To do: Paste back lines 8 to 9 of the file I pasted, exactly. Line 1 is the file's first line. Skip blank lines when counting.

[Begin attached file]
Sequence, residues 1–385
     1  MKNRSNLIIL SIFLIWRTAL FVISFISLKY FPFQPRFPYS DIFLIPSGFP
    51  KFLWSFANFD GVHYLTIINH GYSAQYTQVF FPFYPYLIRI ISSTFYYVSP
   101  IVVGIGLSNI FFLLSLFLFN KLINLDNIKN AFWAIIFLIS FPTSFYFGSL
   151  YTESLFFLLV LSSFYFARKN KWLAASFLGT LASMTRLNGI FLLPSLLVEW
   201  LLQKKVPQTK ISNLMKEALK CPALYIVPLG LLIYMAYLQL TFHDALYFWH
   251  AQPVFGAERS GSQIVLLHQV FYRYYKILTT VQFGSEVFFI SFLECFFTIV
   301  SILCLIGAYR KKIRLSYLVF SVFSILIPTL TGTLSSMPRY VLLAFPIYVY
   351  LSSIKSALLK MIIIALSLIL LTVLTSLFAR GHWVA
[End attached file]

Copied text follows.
   301  SILCLIGAYR KKIRLSYLVF SVFSILIPTL TGTLSSMPRY VLLAFPIYVY
   351  LSSIKSALLK MIIIALSLIL LTVLTSLFAR GHWVA